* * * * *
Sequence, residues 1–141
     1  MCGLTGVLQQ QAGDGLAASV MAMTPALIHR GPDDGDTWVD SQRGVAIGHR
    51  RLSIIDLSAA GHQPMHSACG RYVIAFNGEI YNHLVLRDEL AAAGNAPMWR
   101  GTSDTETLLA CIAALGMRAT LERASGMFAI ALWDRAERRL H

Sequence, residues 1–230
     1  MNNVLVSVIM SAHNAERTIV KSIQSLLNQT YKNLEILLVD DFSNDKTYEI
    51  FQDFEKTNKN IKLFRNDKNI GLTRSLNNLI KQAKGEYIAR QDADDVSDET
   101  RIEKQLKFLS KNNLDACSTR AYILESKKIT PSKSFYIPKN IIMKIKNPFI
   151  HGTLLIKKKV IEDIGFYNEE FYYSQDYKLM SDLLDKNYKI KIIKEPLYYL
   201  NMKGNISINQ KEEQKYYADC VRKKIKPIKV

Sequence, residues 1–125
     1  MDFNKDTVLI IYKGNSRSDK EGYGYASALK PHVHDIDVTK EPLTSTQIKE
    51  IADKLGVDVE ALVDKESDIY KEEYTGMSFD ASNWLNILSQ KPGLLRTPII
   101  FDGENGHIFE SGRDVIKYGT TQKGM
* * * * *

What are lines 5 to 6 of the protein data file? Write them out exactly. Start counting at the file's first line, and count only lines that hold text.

Sequence, residues 1–230
     1  MNNVLVSVIM SAHNAERTIV KSIQSLLNQT YKNLEILLVD DFSNDKTYEI